How Important is Positive Thinking?
I subscribe to a lot of newsletters, I read a lot of magazines and I visit a lot of websites as I do research on a daily basis for new and innovative information that I’m able to use on my own or that I’ll pass along to athletes that I’m working with – some of what floods my inbox on a daily basis is good, much of it not so good and every once in a blue moon I’ll read something that really gets me thinking.
The latest installment of Mike Mahler’s Aggressive Strength Magazine contained one of those pieces that really got me thinking. Mahler is a widely recognized kettlebell expert who does wonders in the world of strength and conditioning, and while some people may not agree with every single thing Mike Mahler might says, there is no doubt that he knows how to get results. This issue of the Aggressive Strength magazine featured an article on the importance of attitude in terms of yielding results and achieving your goals.
This struck me as an interesting topic because so many people seem to struggle with making headway in terms of their overall health desires, normally I chalk the failure up to lack of performance but there are many people out there who will tell you that you will never achieve your goals without a positive attitude, or that you can achieve any goal that you put your mind to by simply believing that you can do it.
Attitude has never been a problem for me in terms of training, hell I’d gladly spend more time in the gym working if I had the time for it and I always thought that there was a possibility that the drive, which was always backed by my love for working out, had at least something to do with my success. I know that some people don’t enjoy getting to the gym and working out as much as I do and I’ve noticed that a lot of those people, who are always moping and complaining about their workout, often had problems achieving the results that they wanted from their workout.
I understand perfectly that those who don’t do the work won’t get the results, but I always attributed at least a little bit of my success to my positive attitude, now Mr. Mahler has got me second guessing that.
In Mike’s latest article he illustrates, with some very good examples, that a subject with the best attitude in the world can still miss the mark on results if they aren’t following the best course of action to yield those results. Conversely, the most miserable bastard in the world, with the most piss poor attitude you’ve ever seen can transform himself into a Greek God by simply putting his nose to the grindstone until the properly prescribed workout has drawn to a close. The argument is that you don’t necessarily have to enjoy or be happy about something to be successful at it.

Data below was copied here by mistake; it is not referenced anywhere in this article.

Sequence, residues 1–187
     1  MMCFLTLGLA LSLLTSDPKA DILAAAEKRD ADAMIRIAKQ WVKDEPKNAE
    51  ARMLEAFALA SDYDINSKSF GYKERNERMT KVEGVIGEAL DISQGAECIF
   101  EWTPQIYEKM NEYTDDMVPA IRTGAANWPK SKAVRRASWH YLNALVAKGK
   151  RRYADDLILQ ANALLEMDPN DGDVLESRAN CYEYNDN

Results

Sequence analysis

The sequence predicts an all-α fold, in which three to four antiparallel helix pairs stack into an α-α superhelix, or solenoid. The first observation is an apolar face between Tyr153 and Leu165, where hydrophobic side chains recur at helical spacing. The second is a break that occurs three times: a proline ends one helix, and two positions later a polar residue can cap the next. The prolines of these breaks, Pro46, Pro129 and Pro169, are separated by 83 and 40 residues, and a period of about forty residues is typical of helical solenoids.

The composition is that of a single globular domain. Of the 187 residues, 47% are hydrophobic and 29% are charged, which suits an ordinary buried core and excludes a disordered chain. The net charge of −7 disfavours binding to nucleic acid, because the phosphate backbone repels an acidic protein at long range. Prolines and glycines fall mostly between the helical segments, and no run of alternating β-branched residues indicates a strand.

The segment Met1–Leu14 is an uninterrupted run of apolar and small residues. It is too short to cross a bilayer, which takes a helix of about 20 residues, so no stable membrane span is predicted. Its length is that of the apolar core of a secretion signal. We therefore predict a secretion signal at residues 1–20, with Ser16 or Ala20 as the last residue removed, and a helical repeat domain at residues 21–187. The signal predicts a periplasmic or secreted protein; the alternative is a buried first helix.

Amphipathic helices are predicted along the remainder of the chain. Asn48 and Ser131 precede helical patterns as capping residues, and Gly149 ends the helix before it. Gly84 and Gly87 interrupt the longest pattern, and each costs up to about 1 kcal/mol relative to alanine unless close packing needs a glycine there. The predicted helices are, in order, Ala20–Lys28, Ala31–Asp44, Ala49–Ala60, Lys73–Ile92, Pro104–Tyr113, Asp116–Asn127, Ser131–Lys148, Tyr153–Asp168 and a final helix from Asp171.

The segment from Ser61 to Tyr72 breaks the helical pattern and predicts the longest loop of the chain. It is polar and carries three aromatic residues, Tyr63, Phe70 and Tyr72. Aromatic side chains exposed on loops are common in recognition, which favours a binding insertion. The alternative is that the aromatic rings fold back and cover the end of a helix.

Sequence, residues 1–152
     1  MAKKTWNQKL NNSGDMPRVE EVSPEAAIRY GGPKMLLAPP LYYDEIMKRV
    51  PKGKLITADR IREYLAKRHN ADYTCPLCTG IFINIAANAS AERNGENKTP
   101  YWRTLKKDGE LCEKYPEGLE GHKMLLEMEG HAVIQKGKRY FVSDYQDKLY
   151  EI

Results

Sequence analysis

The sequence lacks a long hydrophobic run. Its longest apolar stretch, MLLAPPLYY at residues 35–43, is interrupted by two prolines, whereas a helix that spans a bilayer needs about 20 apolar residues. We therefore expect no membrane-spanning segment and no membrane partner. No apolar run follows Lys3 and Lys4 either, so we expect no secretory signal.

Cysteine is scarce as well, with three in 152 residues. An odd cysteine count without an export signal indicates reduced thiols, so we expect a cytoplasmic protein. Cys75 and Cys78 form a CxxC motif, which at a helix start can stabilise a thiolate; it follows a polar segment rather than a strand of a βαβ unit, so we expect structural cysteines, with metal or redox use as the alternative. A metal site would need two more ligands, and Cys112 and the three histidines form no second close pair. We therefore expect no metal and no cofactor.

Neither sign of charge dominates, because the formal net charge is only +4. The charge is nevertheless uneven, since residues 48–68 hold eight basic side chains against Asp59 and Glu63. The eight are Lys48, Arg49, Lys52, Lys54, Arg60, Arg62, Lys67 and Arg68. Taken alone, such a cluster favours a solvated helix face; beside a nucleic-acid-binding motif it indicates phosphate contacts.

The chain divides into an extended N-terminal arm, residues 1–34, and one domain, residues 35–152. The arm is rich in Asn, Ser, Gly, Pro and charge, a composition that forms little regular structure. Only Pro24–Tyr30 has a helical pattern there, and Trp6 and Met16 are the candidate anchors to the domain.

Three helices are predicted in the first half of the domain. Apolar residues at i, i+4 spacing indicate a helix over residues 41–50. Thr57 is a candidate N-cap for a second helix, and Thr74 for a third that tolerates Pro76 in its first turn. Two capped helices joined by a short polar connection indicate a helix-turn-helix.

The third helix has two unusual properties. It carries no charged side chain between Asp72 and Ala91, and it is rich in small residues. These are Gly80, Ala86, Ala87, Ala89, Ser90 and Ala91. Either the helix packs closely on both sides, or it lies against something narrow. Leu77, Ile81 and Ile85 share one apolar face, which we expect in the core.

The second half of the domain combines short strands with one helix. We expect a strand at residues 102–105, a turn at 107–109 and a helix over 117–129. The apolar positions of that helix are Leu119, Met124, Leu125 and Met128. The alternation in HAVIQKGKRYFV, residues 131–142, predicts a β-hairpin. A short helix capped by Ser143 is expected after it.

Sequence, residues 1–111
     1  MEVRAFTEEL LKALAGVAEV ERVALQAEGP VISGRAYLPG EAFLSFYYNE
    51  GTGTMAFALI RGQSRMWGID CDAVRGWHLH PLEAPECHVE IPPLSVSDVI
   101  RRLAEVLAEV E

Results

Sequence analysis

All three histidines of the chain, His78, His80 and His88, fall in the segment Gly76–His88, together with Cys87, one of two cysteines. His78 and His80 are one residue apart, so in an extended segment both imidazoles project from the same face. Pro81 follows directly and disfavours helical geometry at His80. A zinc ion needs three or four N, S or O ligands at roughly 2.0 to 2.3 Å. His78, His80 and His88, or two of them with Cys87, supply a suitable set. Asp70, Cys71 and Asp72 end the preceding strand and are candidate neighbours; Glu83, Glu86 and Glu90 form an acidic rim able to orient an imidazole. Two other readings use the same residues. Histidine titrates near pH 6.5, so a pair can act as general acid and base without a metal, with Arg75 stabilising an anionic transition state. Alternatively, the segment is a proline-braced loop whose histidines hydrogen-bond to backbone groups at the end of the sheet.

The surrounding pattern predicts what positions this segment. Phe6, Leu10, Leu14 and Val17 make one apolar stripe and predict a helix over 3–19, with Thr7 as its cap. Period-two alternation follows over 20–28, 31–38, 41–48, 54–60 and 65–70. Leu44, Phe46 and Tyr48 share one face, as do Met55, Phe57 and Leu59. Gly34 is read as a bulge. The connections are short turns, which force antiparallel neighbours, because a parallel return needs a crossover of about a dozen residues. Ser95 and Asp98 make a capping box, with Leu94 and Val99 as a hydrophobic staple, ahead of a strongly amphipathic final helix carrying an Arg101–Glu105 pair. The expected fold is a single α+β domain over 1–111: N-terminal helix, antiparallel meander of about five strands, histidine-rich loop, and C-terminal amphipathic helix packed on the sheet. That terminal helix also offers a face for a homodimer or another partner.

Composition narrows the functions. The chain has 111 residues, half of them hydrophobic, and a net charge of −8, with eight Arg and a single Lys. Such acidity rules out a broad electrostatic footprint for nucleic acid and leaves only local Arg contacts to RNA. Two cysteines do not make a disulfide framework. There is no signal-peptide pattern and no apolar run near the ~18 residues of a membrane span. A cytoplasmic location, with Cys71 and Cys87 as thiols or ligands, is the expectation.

Mahler goes on to illustrate how an overly positive attitude could potentially even be a detriment to your success in the gym, arguing that putting on a happy face when the results aren’t coming as quickly as they could or should be could potentially prevent a trainee from making the necessary changes in their program to yield the results that they are seeking.
This was the part that came as the biggest surprise to me, if someone had told me that a miserable bastard could achieve good results, I’d believe that because I’ve seen it happen – but could a positive attitude actually be a detriment?
After reading the article and doing some thinking, it made perfect sense – I’ve seen plenty of clouded judgment hurting people’s chances for success in all types of endeavors, I just never connected the fact in the connotation of getting healthier. You could absolutely hurt your progress by thinking happy thoughts instead of truly focusing on what’s going on in your workout program and attacking and changing the problems areas.
Even the best laid workout plans sometimes need tweaking once they get underway, and you’ll always need to make adjustments in order to continue to make progress. If you’re more focused on your positive attitude than you are on how your workout plan is working for you, you may be hurting your chances of achieving your goals.
So, ask yourself this, could your overly positive attitude potentially be inhibiting your chances of achieving your health and fitness goals? Or are you one of those guys who doesn’t bother to go to the gym because you know you won’t be able to really get into it and your feel that you won’t get any results because of this.
What I get from Mike Mahler’s latest piece is that it doesn’t matter if you’re Captain Positive or some dude who hates the gym and everyone in it, including yourself; if you do what you have to do while you’re there you are going to get the results. I’m sure that I’ll continue on with my positive attitude, because I can’t really help it, and I can’t see how it’s going to do me any damage because I have enough experience to know when need something different and when I have to change things up. This theory could potentially change the way many people view they way they go about achieving their health and fitness goals though and it could conceivably lead to many more people breaking away from convention and doing what they need to do to better themselves.
Love your workout or hate it with a passion, if it’s well designed for the goal that you have set for yourself and you perform it according to plan – you will get the results that you are looking for, plain and simple.
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About Jeff Wilson Jeff Wilson has been involved in some form of sports and athletic training for more than two decades: as an athlete, a trainer and a writer.